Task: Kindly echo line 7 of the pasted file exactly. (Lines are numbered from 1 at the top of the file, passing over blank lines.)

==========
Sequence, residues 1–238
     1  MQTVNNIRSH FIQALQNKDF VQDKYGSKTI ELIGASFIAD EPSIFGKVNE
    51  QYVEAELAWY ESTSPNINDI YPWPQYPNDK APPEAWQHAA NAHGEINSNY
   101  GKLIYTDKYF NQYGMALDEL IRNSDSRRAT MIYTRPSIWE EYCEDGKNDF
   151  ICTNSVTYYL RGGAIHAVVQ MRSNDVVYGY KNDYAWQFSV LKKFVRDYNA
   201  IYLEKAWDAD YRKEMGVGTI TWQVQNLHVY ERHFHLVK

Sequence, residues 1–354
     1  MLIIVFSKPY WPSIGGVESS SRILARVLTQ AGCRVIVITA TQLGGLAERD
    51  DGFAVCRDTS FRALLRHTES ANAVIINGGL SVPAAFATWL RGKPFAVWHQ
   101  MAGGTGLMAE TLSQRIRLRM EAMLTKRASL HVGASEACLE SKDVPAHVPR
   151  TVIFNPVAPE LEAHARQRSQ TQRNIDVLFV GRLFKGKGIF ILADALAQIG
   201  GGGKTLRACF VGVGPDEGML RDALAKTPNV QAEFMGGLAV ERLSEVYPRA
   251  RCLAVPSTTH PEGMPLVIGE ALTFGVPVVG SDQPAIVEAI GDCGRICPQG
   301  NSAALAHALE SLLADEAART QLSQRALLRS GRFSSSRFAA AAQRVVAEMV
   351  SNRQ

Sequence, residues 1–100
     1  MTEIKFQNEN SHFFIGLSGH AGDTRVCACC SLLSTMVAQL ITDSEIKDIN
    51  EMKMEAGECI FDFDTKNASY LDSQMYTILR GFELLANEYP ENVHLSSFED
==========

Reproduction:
Sequence, residues 1–354